USTR Lighthizer yesterday delivered the Administration’s official 90-day notice to Congress that it will renegotiate NAFTA.
The notice says that the process will be carried out “consistent with Congressional priorities and objectives outlined in section 102 of the Trade Priorities and Accountability Act,” which is the TPA fast-track legislation passed in 2015. This is a welcome indication that the Administration is proceeding, at least for now, in the manner that Congress contemplates. While President Trump could change course, there is for now at least reason to believe that the negotiation will proceed in the manner typical of FTA negotiations, with Congressional notification and ratification of the final agreement, rather than a Presidential assertion of unilateral authority to make revisions under the Trade Act of 1974 or the Trade Expansion Act of 1962.
USTR Lighthizer’s notice states that the objective of the renegotiation is “to support higher-paying jobs in the United States” and “improv[e] U.S. opportunities under NAFTA.”
The specific topics listed for “new provisions” are: “intellectual property rights, regulatory practices, state-owned enterprises, services, customs procedures, sanitary and phytosanitary measures, labor, environment and small and medium enterprises. . ., [and] establishing effective implementation and aggressive enforcement.”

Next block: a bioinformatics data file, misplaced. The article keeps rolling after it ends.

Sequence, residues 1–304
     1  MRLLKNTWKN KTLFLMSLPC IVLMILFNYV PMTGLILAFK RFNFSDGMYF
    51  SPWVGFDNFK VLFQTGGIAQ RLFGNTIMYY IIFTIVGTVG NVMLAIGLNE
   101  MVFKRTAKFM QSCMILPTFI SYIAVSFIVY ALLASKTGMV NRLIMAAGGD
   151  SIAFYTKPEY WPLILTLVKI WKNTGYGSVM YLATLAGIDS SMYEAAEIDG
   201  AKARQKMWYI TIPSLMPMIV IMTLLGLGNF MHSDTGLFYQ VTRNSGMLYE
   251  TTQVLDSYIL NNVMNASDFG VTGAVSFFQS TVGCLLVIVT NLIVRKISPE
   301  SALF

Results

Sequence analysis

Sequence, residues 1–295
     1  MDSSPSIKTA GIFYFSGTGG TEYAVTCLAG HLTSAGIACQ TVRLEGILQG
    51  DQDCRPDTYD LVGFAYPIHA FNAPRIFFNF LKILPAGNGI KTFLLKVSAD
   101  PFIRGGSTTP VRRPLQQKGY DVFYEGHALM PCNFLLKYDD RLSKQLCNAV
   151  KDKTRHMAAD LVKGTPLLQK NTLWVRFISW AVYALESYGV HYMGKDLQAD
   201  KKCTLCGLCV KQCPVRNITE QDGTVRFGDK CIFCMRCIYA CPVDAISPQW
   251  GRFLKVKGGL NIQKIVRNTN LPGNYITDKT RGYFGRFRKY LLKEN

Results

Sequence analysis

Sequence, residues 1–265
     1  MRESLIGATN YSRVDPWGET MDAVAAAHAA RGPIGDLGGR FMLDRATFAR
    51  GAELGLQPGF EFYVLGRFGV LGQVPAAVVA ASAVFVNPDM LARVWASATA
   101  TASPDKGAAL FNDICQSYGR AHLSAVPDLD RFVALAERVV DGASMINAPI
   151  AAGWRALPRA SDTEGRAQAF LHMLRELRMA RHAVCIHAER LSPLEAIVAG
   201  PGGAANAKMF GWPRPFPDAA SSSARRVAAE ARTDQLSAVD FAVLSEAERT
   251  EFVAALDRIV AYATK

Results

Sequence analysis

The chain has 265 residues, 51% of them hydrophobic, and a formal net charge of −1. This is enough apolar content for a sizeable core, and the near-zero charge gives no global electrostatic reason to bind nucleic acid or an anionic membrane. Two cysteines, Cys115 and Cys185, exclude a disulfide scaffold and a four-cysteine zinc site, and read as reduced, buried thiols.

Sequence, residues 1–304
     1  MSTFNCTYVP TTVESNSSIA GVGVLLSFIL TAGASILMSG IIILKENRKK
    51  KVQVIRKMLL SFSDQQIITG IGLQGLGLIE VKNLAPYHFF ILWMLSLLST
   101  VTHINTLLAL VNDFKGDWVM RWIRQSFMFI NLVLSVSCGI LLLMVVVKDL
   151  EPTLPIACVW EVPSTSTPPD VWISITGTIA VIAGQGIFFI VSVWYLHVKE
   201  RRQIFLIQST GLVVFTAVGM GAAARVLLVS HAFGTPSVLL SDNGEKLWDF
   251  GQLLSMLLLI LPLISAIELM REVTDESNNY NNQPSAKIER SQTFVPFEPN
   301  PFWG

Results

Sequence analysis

It is interesting that NAFTA rules of origin (the rules that determine which goods qualify for duty-free NAFTA treatment) are not expressly mentioned given that Secretary Ross and others have criticized them repeatedly in recent weeks. The letter is so general in its wording, however, that it does not exclude any existing NAFTA provisions from negotiation. Dispute resolution and currency manipulation are two other topics that Lighthizer has told Congress will be negotiated but they also are not mentioned explicitly in the notice. The overall impression is that the Administration is keeping its options wide open for now. We expect NAFTA revised rules of origin to be discussed.
Kevin McAleenan, President Trump’s nominee to be the new Commissioner of Customs and Border Protection (CBP), said on Wednesday that CBP wants to be an active participant in the NAFTA renegotiation. He cited inequities in the de minimis rules allowing duty-free entry without formal paperwork as an area where CBP can contribute to the negotiations. In light of this, some observers believe Lighthizer’s reference to “customs procedures” could be aimed at trying to grow U.S. exports under NAFTA by making it easier for small U.S. companies to qualify for duty-free treatment of their exports without the compliance burden that large firms address by hiring lawyers and trade specialists to manage their NAFTA compliance. A 2015 Thomson Reuters Global Trade Management survey of small business owners found that complying with rules of origin and other regulations was the principal difficulty that they faced in exporting their products.